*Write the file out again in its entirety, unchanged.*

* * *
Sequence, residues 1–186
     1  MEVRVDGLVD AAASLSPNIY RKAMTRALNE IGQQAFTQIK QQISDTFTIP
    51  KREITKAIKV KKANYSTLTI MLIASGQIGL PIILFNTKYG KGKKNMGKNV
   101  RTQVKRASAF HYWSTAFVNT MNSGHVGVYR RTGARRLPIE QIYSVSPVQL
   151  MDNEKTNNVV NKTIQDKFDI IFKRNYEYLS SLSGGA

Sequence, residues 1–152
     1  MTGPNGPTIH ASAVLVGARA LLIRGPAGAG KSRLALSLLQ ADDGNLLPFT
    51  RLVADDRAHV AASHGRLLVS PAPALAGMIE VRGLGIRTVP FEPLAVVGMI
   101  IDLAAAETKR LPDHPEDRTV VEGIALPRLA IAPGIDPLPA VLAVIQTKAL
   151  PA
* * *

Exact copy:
Sequence, residues 1–186
     1  MEVRVDGLVD AAASLSPNIY RKAMTRALNE IGQQAFTQIK QQISDTFTIP
    51  KREITKAIKV KKANYSTLTI MLIASGQIGL PIILFNTKYG KGKKNMGKNV
   101  RTQVKRASAF HYWSTAFVNT MNSGHVGVYR RTGARRLPIE QIYSVSPVQL
   151  MDNEKTNNVV NKTIQDKFDI IFKRNYEYLS SLSGGA

Sequence, residues 1–152
     1  MTGPNGPTIH ASAVLVGARA LLIRGPAGAG KSRLALSLLQ ADDGNLLPFT
    51  RLVADDRAHV AASHGRLLVS PAPALAGMIE VRGLGIRTVP FEPLAVVGMI
   101  IDLAAAETKR LPDHPEDRTV VEGIALPRLA IAPGIDPLPA VLAVIQTKAL
   151  PA